THE rare combination of early season rainfall, above average levels of subsoil moisture and good prices for all grains has provided the platform for a brilliant start to the growing season in Western Australia.
According to the Grain Industry Association of Western Australia's May Crop Report, total crop area planted this year will be up slightly from 2020, which was a record year for the area of crop sown.
Crop report author Michael Lamond said there would be a small reduction in barley area from 2020, with most of that swinging to canola.
"Current barley feed grain prices are holding up well and when coupled with the grain yield premium over wheat in the southern regions, this is driving current plantings," Mr Lamond said.
"The recent widening spread in price between wheat over barley will not have a significant influence on intended cereal plantings."
The overall canola area planted so far is a record for the State and that area could still creep up a little as price nudges $800 per tonne.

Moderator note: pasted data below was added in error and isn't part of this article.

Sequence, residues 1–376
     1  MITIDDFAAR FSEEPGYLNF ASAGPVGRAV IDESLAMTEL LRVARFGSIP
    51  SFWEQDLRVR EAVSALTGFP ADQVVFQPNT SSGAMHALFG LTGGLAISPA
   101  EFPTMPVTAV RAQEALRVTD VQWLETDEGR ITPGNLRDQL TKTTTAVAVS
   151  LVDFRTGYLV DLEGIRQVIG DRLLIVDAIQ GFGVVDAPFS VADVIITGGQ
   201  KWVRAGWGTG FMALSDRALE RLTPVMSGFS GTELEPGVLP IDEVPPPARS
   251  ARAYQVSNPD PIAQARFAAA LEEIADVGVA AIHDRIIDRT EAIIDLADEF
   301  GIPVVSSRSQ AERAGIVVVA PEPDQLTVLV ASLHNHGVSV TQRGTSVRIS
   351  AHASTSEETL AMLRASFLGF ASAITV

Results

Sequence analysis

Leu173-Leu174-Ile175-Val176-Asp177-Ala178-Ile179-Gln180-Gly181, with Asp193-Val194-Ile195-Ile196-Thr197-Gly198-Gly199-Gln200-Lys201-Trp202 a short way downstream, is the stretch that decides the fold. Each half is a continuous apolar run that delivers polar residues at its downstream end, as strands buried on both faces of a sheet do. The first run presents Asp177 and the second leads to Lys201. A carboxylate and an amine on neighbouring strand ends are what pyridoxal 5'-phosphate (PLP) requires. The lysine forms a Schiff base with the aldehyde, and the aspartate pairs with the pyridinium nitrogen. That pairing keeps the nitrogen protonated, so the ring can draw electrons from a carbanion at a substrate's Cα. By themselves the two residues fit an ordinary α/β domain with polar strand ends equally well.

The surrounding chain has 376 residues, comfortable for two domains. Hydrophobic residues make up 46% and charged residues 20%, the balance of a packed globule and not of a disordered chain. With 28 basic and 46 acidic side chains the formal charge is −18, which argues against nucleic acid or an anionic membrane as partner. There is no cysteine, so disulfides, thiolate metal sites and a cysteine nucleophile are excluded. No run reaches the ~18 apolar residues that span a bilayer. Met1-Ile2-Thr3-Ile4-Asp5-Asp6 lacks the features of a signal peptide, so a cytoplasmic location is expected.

It is still relatively early and with good subsoil moisture, canola grain yield potential is above average and at current prices, One tone of canola is equal to 3t tonnes of barley and 2.5t of wheat.
Mr Lamond said there had been record sales of Roundup Ready (RR) and Hybrid TT canola in WA.
"The switch to hybrids in the last two years has been significant and while seed supply has again been tight, the increase in plantings has been made possible with a run-down in old stock and OP TT farmer retained seed," he said.
"The increase in canola has come at the expense of lupins and pulses, and to a lesser extent, wheat and barley."
For oats, the grain area is going to be up slightly, particularly in the eastern regions, while the hay area is more than 50 per cent down due to the ongoing uncertainty of demand, with much of the oat hay area going to canola.
The Geraldton zone is experiencing its first wet seeding in a few years and despite infrastructure damage from the ex-Tropical Cyclone Seroja, many went ahead with seeding even with missing sheds and no power.